Director, Center for Independent Journalism

Ray Carter is the director of OCPA’s Center for Independent Journalism. He has two decades of experience in journalism and communications. He previously served as senior Capitol reporter for The Journal Record, media director for the Oklahoma House of Representatives, and chief editorial writer at The Oklahoman. As a reporter for The Journal Record, Carter received 12 Carl Rogan Awards in four years—including awards for investigative reporting, general news reporting, feature writing, spot news reporting, business reporting, and sports reporting. While at The Oklahoman, he was the recipient of several awards, including first place in the editorial writing category of the Associated Press/Oklahoma News Executives Carl Rogan Memorial News Excellence Competition for an editorial on the history of racism in the Oklahoma legislature.

Director, Center for Independent Journalism

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Oklahoma Attorney General Mike Hunter has told state agencies they should not comply with a Biden administration demand that they cede regulatory authority over mining in eastern Oklahoma to federal authorities.

Glenda Owens, deputy director of the Interior Department’s Office of Surface Mining Reclamation and Enforcement, recently sent letters to the Oklahoma Conservation Commission and the state Secretary of Energy and Environment saying the U.S. Supreme Court ruling in McGirt v. Oklahoma stripped the state of authority to regulate surface coal mining and reclamation operations on lands now considered the Muscogee (Creek) Reservation. The agency demanded that Oklahoma officials surrender their authority and records to federal officials within 30 days.

In a letter of response, Hunter declared that the federal Interior Department’s demand “appears to have no adequate basis in law” and said he was therefore “advising that no state agency should comply with it without further discussion.”

In McGirt v. Oklahoma, the U.S. Supreme Court held that the Muscogee (Creek) Nation’s reservation was never disestablished. While the ruling applied only to Creek land and questions of criminal prosecution under the federal Major Crimes Act, its precedent and basis are expected to result in application to numerous other issues, such as taxation and regulation, and also include the land of at least four other tribes—the Choctaw, Chickasaw, Cherokee, and Seminole nations—whose combined territory includes most of eastern Oklahoma. Subsequent court rulings have steadily expanded the decision’s reach as expected.

In a recent release, the U.S. Department of the Interior’s Office of Surface Mining Reclamation and Enforcement notified the Oklahoma Department of Mines and the Oklahoma Conservation Commission that because of the McGirt decision “the State may no longer exercise regulatory jurisdiction under the Surface Mining Control and Reclamation Act of 1977 (SMCRA) on Indian Lands within the State.”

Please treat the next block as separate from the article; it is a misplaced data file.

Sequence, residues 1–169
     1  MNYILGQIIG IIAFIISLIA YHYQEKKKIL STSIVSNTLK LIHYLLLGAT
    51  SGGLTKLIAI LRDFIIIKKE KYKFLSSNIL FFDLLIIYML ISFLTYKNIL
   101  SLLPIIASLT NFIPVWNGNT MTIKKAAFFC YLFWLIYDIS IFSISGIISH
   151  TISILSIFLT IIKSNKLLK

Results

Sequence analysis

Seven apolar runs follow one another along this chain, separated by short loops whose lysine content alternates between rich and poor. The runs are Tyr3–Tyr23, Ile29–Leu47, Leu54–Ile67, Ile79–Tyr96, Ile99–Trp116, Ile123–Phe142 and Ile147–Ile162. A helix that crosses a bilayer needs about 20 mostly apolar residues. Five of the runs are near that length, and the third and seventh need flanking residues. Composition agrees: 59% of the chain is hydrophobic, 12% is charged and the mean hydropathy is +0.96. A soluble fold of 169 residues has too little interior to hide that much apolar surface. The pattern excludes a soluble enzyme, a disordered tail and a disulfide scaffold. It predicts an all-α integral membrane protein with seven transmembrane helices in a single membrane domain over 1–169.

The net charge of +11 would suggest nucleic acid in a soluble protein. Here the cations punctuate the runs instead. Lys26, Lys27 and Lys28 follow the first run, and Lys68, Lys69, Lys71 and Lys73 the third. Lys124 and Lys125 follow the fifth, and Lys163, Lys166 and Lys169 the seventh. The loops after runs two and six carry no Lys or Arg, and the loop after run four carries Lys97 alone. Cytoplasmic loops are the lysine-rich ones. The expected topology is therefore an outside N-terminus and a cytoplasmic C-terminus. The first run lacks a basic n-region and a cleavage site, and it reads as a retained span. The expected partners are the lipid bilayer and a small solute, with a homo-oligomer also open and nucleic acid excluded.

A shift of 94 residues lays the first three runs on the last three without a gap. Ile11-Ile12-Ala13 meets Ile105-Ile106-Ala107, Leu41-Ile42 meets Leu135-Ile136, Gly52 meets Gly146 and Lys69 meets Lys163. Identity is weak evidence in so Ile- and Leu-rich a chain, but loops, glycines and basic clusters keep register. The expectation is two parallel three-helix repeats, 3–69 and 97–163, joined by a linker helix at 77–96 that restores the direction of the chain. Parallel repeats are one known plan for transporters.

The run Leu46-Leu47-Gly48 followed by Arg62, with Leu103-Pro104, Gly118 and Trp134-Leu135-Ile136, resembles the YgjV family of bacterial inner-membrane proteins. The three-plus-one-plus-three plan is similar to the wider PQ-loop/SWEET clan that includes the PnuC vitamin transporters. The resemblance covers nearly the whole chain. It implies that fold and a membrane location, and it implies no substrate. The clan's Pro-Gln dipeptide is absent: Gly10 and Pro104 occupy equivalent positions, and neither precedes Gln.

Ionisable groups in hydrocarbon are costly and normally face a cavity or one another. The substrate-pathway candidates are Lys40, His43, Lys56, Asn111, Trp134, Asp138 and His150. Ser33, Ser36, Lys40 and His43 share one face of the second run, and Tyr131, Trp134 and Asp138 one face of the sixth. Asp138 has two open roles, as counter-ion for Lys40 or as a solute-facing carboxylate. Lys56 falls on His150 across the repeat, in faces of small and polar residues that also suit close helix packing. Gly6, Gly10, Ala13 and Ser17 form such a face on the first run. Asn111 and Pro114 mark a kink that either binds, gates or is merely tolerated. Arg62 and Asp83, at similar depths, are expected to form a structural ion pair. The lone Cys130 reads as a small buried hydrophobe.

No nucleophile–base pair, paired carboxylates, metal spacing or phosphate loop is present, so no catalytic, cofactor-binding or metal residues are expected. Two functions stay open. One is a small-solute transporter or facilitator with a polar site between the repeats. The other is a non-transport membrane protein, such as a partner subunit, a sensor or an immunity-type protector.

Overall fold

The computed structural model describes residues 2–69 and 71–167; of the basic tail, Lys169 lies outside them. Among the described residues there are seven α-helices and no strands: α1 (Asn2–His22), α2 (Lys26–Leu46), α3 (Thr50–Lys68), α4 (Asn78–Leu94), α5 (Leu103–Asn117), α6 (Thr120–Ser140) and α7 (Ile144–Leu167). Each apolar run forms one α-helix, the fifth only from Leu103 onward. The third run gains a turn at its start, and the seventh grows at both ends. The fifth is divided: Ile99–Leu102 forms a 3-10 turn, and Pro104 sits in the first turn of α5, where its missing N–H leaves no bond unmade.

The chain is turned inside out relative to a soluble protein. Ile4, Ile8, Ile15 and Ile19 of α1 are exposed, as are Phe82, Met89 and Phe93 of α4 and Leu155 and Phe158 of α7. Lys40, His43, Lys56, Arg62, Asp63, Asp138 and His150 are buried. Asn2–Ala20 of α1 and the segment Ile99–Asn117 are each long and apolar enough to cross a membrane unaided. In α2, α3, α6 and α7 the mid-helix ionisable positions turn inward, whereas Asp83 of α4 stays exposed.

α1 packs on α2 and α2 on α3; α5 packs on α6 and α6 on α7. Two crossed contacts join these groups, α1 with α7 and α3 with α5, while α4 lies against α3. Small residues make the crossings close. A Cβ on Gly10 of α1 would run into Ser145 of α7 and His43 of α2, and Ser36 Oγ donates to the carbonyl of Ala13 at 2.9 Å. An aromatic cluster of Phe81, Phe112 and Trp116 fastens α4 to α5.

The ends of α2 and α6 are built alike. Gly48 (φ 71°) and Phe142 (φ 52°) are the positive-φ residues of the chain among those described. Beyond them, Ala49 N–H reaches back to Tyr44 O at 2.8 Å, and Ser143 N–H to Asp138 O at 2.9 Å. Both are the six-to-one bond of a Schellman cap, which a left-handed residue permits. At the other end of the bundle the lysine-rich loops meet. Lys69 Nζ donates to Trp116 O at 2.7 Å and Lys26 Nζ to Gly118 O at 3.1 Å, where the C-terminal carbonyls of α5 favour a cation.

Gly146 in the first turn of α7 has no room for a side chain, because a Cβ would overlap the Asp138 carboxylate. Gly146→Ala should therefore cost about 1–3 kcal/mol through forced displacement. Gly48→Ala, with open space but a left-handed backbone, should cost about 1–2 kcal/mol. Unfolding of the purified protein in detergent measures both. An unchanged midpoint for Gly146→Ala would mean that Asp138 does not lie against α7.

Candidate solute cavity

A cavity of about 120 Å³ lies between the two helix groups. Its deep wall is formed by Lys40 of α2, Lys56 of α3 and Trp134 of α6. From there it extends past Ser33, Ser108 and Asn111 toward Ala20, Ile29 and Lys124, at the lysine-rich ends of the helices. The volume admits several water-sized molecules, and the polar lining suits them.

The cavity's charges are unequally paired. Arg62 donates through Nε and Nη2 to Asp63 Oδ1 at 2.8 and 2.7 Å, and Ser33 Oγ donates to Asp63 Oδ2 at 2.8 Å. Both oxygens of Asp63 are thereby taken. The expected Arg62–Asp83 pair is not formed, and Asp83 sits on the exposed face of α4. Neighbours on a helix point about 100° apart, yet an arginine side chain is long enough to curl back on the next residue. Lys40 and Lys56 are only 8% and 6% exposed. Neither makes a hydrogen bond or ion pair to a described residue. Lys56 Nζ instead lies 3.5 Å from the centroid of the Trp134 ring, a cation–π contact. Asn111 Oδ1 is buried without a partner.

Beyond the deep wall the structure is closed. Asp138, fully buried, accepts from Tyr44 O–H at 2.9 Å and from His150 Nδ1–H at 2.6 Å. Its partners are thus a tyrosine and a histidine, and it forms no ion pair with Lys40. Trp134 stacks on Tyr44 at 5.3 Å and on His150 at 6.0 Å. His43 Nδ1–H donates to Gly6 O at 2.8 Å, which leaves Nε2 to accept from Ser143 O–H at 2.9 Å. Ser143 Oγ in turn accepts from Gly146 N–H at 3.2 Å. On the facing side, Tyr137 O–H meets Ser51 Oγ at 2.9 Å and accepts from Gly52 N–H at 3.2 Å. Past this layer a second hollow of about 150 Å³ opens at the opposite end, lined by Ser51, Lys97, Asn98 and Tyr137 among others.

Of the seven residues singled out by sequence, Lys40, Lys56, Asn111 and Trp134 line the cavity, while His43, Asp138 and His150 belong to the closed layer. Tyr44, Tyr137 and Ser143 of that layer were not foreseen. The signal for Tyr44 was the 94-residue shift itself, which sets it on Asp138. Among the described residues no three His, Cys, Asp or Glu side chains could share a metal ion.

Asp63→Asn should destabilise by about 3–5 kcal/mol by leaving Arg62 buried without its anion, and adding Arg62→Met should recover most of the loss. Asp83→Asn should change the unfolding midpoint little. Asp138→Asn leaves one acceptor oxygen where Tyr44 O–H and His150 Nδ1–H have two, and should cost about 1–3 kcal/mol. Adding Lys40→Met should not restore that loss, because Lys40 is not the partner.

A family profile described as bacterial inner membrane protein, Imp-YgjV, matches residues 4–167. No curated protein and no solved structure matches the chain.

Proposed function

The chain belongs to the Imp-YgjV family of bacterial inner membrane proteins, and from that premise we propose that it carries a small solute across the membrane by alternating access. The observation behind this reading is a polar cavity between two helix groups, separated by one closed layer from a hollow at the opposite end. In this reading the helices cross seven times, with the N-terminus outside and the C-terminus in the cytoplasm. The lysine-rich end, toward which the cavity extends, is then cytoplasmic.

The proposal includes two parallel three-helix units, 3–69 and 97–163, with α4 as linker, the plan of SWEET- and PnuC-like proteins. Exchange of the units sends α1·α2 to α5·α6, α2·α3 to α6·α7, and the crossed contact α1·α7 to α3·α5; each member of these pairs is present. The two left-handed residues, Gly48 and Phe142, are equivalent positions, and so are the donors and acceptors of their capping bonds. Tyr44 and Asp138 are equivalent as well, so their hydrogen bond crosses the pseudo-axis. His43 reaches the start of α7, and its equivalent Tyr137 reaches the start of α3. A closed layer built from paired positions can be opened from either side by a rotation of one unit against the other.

However, in his letter, Hunter said state agencies retain authority over mining in the areas impacted by McGirt.

“On review, it appears OSMRE’s assertion of sole and exclusive jurisdiction is not well-supported by the legal citations offered in your letters,” Hunter wrote.

While McGirt held that the state lacked jurisdiction to prosecute a crime committed by an Indian on lands that constituted an Indian reservation, Hunter said courts have “abandoned the idea that Indian reservations are categorically exempt from state jurisdiction for all purposes.”

“Absent a statute stripping the state of jurisdiction, Oklahoma has inherent authority on the Creek reservation regardless of the actions of your agency,” Hunter wrote.

Hunter said the federal Surface Mining Control and Reclamation Act “leaves undecided the question of who has authority to enforce mining requirements on Indian lands outside of the limited issue of leases.”

The attorney general also said Owens’ letters “fail to distinguish between Indian-owned and non-Indian-owned mines within the lands at issue in McGirt,” and said prior court rulings indicate that Congress “cannot strip states of jurisdiction over non-Indians merely because they act on Indian lands.”

Even if the federal government was supposed to regulate mining in eastern Oklahoma, Hunter wrote that the federal government’s “decades-long delay in asserting this jurisdiction in Oklahoma would mean that laches bars your claim even if OSMRE would have had a claim long ago.”

(Laches is a legal doctrine that bars recovery by a plaintiff because of a plaintiff's undue delay in seeking relief.)

Hunter wrote that the OSMRE has not only declined to assert jurisdiction for many years, “but also long acquiesced in Oklahoma’s jurisdiction over mines throughout Oklahoma. That acquiescence bars your jurisdiction regardless of whether the federal government was correct in its reasons for that acquiescence.”

According to the Oklahoma Department of Mines’ website, there were four companies operating seven coal mines in five Oklahoma counties (Craig, Latimer, LeFlore, Okmulgee, and Rogers counties) in 2017, the most recent year for which data was posted.

Other mining regulated by the agency that could be impacted by the McGirt decision includes limestone, dimensional stone, sand and gravel, gypsum, clay and shale, granite, caliche, tripoli, salt, iron ore, and chat. As of January 2018, there were 739 non-coal sites permitted with the Department of Mines, although the agency notes that number “is constantly changing as new permits and permit revisions are received on a daily basis from the industry as well as companies applying for bond releases.”

Director, Center for Independent Journalism

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